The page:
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This week marked the fourth anniversary of Venezuela's first satellite VENESAT-1 - affectionately known as the Simón Bolívar satellite after the country's independence hero - which was launched in China on October 29, 2008.
Since the Simón Bolívar satellite was launched with the "aim of guaranteeing the democratization, independence and technological sovereignty of telecommunications services," Venezuela has launched a second satellite and other "pro-Bolivarian" countries in the region have plans to follow suit. BNamericas looks back at four years of operation of what is surely one of the most politicized satellites in orbit.
The fourth anniversary of the launch of the Símón Bolívar satellite will be marked by celebrations this week in Venezuela, and the launch of the country's second satellite, Miranda, in September was accompanied by a street party more reminiscent of a music festival than a technological event.
But what makes Venezuela so enthusiastic about satellite communications? The very name - Símón Bolívar - conjures up images of a struggle for national independence. This, of course, is no mere coincidence, and something that the government is very keen to play on in its heavy rhetoric of "technological sovereignty."
The launch of the satellite in 2008 has had tangible consequences for many Venezuelans. Exclusively employed by state-owned telco Cantv, around 6.23mn people have benefitted from access to telecommunications services provided by the Símón Bolívar satellite.
The satellite has also been used to provide connectivity for education, information centers, healthcare, security and defense, and energy, according to a release by Cantv.
The state-owned telco is currently carrying out expansions of its fiber optic network, and the satellite has been a key part of its strategy to provide telecommunications services to areas not covered by fiber optic or mobile networks.
But Venezuela's enthusiasm for satellites does not stop there. In what may be considered political maneuvering, the Miranda satellite was launched just days before presidential elections in which Chávez won a fourth term. This satellite will be focused on territorial information for use in urban agricultural, industrial, transport and security planning.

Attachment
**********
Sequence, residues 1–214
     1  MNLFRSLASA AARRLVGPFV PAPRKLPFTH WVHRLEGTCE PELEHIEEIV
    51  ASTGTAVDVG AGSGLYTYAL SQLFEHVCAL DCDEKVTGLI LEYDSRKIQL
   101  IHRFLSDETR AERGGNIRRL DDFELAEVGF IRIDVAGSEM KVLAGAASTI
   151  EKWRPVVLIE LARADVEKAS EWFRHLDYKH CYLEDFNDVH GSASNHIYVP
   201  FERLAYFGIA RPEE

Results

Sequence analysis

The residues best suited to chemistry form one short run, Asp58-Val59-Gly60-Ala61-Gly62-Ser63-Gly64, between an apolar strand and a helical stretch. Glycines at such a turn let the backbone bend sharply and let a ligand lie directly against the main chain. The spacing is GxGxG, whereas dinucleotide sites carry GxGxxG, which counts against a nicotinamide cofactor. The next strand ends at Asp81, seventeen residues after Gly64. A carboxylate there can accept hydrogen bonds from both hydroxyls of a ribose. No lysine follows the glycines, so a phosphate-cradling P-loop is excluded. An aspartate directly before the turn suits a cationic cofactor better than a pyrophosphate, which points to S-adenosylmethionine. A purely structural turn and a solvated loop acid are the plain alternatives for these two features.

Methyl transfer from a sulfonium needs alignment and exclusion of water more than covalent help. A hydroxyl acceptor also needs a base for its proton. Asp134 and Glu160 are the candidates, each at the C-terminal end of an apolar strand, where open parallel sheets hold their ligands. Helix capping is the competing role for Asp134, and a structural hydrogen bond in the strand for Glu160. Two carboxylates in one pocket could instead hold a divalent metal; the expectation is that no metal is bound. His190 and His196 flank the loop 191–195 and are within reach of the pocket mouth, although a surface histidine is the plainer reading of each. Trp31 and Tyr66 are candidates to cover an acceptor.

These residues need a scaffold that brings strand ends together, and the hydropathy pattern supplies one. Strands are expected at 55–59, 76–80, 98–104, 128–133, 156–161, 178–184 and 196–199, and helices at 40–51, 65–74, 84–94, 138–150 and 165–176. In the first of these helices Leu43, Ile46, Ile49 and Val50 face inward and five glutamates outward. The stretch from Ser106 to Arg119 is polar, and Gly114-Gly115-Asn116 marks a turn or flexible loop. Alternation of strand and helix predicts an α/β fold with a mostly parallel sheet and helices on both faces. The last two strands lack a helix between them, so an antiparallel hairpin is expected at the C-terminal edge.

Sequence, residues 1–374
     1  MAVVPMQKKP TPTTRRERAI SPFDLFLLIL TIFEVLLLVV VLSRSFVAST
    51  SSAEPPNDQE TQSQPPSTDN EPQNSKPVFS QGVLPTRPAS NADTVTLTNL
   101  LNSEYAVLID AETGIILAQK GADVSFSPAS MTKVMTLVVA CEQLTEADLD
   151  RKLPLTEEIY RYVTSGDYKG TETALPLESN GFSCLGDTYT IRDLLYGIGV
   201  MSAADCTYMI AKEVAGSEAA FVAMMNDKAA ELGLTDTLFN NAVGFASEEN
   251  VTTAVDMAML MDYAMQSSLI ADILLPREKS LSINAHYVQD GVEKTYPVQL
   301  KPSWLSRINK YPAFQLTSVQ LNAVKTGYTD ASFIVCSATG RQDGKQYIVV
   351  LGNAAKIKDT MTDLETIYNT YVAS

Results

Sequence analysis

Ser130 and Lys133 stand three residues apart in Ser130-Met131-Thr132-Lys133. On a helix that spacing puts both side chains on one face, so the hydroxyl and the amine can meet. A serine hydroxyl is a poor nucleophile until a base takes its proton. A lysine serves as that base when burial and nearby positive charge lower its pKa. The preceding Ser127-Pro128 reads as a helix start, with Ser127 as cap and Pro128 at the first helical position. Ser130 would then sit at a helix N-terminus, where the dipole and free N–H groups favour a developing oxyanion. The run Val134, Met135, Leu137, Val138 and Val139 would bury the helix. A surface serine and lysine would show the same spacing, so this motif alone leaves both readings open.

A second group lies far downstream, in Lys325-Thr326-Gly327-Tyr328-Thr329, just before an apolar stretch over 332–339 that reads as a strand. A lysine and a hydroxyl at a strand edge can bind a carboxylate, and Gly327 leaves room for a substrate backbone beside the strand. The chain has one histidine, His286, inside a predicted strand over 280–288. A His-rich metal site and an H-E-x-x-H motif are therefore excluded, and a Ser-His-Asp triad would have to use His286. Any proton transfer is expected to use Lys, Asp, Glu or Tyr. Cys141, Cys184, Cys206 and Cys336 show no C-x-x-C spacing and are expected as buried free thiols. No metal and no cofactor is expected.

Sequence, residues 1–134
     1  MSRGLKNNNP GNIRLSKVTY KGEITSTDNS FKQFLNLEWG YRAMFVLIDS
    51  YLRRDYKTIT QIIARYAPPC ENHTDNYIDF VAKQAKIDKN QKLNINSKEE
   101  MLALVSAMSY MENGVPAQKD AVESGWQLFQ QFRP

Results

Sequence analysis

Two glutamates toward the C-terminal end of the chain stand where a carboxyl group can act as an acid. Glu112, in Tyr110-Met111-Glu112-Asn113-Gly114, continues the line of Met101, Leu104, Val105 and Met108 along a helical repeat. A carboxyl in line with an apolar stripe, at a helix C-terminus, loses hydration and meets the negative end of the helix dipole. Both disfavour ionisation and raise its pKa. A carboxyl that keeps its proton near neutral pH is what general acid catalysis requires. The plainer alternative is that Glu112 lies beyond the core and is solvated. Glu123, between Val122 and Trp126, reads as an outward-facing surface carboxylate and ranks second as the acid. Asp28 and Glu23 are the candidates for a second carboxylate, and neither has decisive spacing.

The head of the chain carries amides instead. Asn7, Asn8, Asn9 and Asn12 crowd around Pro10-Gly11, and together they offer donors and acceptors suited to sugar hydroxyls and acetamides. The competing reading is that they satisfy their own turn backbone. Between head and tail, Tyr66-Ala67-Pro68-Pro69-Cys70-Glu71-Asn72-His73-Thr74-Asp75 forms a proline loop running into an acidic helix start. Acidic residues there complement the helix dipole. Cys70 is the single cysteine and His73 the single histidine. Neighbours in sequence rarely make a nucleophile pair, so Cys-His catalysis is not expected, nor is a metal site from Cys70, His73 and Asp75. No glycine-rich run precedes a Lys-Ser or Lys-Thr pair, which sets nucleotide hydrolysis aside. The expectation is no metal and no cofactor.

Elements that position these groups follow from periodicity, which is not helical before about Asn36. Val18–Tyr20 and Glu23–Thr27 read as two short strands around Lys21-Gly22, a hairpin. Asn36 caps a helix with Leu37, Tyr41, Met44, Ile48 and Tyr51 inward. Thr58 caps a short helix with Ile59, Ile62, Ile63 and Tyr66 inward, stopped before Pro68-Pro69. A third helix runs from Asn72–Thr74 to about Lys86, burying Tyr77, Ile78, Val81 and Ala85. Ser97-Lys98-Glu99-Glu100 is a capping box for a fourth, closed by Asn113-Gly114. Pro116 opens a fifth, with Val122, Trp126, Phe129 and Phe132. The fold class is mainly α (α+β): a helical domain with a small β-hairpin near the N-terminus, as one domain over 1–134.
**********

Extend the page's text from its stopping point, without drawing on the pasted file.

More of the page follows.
Having launched its first two satellites in China, the government now expects to establish a manufacturing site for small satellites in Carabobo state in order to design and produce satellites locally.
And the love affair between Venezuela and its satellites seems to be catching on in other "pro-Bolivarian" nations in the region such as Ecuador, Bolivia and Nicaragua, who are looking to follow suit with their own satellite launches.
Like Venezuela, these countries face significant challenges to expand telecommunications services in the shape of national geographies, and in some cases scarce financial resources.
In April 2012, UK satellite equipment supplier Inmarsat's Ecuadorian partner Comsatel - which was founded in 1997 and serves the oil, mining and government sectors - acquired the first license in the country to provide mobile satellite communications.
Bolivia also expects to improve telecommunications services with the launch of its Tupak Katiri satellite - named after the country's indigenous hero - in late 2013 or early 2014.
Meanwhile, Nicaragua is hoping to become the first Central American country to have its own satellite, which it plans to purchase from the China Great Wall Industry Corporation for US$300mn, according to press reports.
Venezuela's Simón Bolívar satellite has without a doubt been used as a political tool in the country's "socialist revolution.” But beyond the politics, satellite services have provided many Venezuelans in remote areas with telecommunications services for the first time, an achievement which other "pro-Bolivarian" countries will presumably be hoping to repeat.